Remember that scene in the movie A Few Good Men, where Jack Nicholson screams: “You can’t handle the truth!”? I love that line, because I suspect no truer phrase has ever been spoken.

There's a wonderful passage about truth in John Steinbeck’s book, Cannery Row, that I reflect upon from time to time. The passage is about Doc, a character modeled after Steinbeck’s real life best friend, Ed Ricketts. It goes like this:

Once when Doc was at the University of Chicago he had love trouble and he had worked too hard. He thought it would be nice to take a very long walk. He put on a little knapsack and he walked through Indiana and Kentucky and North Carolina and Georgia clear to Florida. He walked among farmers and mountain people, among the swamp people and fishermen. And everywhere people asked him why he was walking through the country.

Because he loved true things he tried to explain. He said he was nervous and besides he wanted to see the country, smell the ground and look at grass and birds and trees, to savor the country, and there was no other way to do it save on foot. And people didn’t like him for telling the truth. They scowled, or shook and tapped their heads, they laughed as though they knew it was a lie and they appreciated a liar. And some,
afraid for their daughters or their pigs, told him to move on, to get going, just not to stop near their place if he knew what was good for him.

And so he stopped trying to tell the truth. He said he was doing it on a bet—that he stood to win a hundred dollars. Everyone liked him then and believed him. They asked him in to dinner and gave him a bed and they put lunches up for him and wished him good luck and thought he was a hell of a fine fellow. Doc still loved true things but he knew it was not a general love and it could be a very dangerous mistress.
A dangerous mistress, indeed. Consider the varied meanings of truth. As far as I can tell, Plato was first to venture a definition for the word, which is essentially this: If what you say is what you think, you speak the truth. Notice that it includes intent as a necessary condition, which is how a court of law views the subject. A witness in a court case, for example, can offer truthful testimony that is incorrect. Therefore, truth may not be factual, according to this definition.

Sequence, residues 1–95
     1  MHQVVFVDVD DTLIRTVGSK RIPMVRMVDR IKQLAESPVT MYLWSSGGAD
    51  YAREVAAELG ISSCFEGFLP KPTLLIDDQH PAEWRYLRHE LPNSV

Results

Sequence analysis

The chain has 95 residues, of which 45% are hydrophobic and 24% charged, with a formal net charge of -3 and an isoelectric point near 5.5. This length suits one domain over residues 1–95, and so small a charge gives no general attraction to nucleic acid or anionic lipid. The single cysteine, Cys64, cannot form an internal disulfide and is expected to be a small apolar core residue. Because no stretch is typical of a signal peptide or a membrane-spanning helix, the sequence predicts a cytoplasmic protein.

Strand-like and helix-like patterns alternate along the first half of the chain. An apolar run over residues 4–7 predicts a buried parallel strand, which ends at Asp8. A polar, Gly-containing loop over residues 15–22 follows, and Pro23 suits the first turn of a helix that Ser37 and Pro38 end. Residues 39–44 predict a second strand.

Science and logic, however, have attempted to take intent out of truth’s characterization and render it equal to fact. This can lead to confusion. Politicians, in particular, are remarkable for blurring the line between the two definitions in order to make a point. Saying, “Senator X didn’t tell the truth,” implies that a lie was told and that intentional deception was practiced. It bites deeper than saying, “Senator X was wrong,” even though the latter may be correct.

Another definition of truth—one of which I’m very fond—was proposed by William James. It’s the basis of his philosophy of pragmatism and is essentially this: If it works for you, it’s true. As you can see, this definition can allow truth to differ from individual to individual. Just because something works for you, doesn’t necessarily mean it will work for me.

This leads to the question of whether truth is absolute or relative to its context. This issue has been debated for hundreds of years as a topic related to the philosophy of ethics. The debate has focused on two main ethical systems (or standards of correct action). One of them—proposed by Emmanuel Kant—is referred to as Kantian Ethics. It stands firmly on the side of absolute truth, asserting the existence of categorical imperatives that should be followed at all times and in all places.

The other ethical system, Utilitarianism, was proposed by Jeremy Bentham and others, who went on to contribute much to the study of economics. This standard deems the correct course of action as that which provides the greatest good for the greatest number—a resulting calculus Bentham called utility.

The two systems can result in far different truths, not to mention alternative concepts of good and evil. For example, Victor Hugo’s masterpiece, Les Miserable, is at its core a critique of ethical ideals. Was Jean Valjean’s theft of a loaf of bread evil? It depends on whether you believe in categorical imperatives (e.g. God’s commandment against stealing) or if you feel it’s proper to weigh the value of feeding a starving family against a small loss to a shopkeeper. Most people of faith deem God’s commandments as absolute and say Kant’s ethical system is the appropriate measure of what is true, but if that’s what you think, allow me to muddy the waters.

Not long after God gave the Children of Israel the Ten Commandments, He led them into a Promised Land already inhabited by other tribes of people. There He commanded the Israelites to violate His earlier directives against killing and stealing. In other words, God ordered them to displace the inhabitants already living there, which often necessitated bloodshed. How do we reconcile that?